Genetic Testing for XLH

Genetic Testing for XLH
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Genetic testing looks for changes in a person’s genome, or complete set of DNA. These changes might indicate the presence of a genetic disease like X-linked hypophosphatemia (XLH).

What causes XLH?

Mutations in a gene called PHEX are known to cause XLH. This gene encodes for an enzyme that regulates the synthesis of a protein called fibroblast growth factor 23 (FGF23), though researchers do not fully understand this process.

Mutations in PHEX mean that circulating blood levels of FGF23 are higher than normal, which lowers phosphate reabsorption by the kidneys. In turn, more phosphate — which is essential to bone mineralization — is secreted in the urine and lost.

Patients with the disease tend to have bone abnormalities, among other symptoms.

When may I need genetic testing?

Doctors can use genetic testing to find out whether you or your child have mutations in the PHEX gene, possibly to confirm a diagnosis of XLH.

If you or your spouse have XLH and you are expecting, you may want a prenatal genetic diagnosis for the fetus. This type of genetic test can determine before birth whether the child is likely to inherit the disease.

You may also be interested in a preimplantation genetic diagnosis with in vitro fertilization (IVF). Here, a genetic test is run on embryos that are created via IVF before they are implanted into the mother’s uterus, ensuring they do not carry a disease-causing mutation.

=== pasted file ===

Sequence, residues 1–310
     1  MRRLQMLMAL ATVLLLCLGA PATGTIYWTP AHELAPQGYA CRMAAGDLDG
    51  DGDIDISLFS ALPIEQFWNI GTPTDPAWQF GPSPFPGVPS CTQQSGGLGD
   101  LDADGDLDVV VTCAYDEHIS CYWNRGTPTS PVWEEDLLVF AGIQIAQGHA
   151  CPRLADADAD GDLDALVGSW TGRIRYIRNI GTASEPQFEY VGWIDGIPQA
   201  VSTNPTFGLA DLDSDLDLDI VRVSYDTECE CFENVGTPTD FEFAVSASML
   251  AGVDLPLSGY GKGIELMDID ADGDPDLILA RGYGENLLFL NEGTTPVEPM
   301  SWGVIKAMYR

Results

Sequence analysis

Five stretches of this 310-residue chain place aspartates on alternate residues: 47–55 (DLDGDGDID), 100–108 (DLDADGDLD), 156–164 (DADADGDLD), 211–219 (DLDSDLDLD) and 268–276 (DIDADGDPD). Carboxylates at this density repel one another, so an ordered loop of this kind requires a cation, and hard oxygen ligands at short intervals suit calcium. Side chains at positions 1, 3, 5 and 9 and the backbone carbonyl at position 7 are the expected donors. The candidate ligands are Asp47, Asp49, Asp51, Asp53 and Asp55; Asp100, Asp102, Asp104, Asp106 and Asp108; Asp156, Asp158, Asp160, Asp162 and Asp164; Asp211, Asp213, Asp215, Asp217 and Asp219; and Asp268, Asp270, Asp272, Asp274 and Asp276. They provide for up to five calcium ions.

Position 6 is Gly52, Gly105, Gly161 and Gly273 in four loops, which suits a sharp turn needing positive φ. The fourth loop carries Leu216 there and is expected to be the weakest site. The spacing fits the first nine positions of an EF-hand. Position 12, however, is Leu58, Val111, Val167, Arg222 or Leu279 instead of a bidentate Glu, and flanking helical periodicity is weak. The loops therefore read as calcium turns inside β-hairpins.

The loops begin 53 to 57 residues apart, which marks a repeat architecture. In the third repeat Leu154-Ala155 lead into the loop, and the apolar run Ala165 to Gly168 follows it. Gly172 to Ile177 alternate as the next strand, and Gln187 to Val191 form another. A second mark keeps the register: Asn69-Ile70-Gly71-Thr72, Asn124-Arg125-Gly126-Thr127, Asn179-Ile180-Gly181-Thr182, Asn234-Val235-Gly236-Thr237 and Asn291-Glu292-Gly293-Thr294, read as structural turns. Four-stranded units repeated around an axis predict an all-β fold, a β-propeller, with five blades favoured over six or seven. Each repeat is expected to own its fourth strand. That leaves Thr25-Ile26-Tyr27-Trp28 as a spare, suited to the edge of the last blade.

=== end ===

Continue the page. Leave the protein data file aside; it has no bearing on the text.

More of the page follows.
It’s a good idea to meet with a genetic counselor as well as your primary care physician before undergoing genetic testing. They can help you in deciding whether to be tested and in deciding among tests, and discuss reproductive options with you.

How is the test given?

For both adults and children, a small blood sample is sufficient for genetic testing. Your doctor will arrange a time for you or your child to go to the hospital or clinic for a blood draw. Some hospitals have their own testing laboratory. Most often, they send the blood sample to an independent laboratory for testing.

If you are pregnant and want a prenatal test, your doctor will discuss how samples will be collected from the fetus. There are two main methods of collection: amniocentesis or chorionic villus sampling (CVS). Each has its pros and cons, and your doctor will help guide you in choosing the method best for you and your family.

For a preimplantation genetic diagnosis, you will need to discuss genetic testing with the IVF clinic.

It can take a few days to a few weeks for results of a genetic test to arrive. These will go to your doctor, who will arrange to meet with you and discuss the results, and your options moving forward.

Are there risks or drawbacks?

Every medical procedure has some risks. However, the risks of giving a blood sample to be tested are generally very small.  There is a small risk of bleeding and infection at the needle injection site, and some people can feel dizzy or lightheaded during a blood draw.

Prenatal genetic testing has some risks as well. The process of collecting DNA from the fetus has some risks for both mother and child, though complications are rare.

 

Last updated: Aug. 7, 2020

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XLH News Today is strictly a news and information website about the disease. It does not provide medical advice, diagnosis, or treatment. This content is not intended to be a substitute for professional medical advice, diagnosis, or treatment. Always seek the advice of your physician or other qualified health providers with any questions you may have regarding a medical condition. Never disregard professional medical advice or delay in seeking it because of something you have read on this website.

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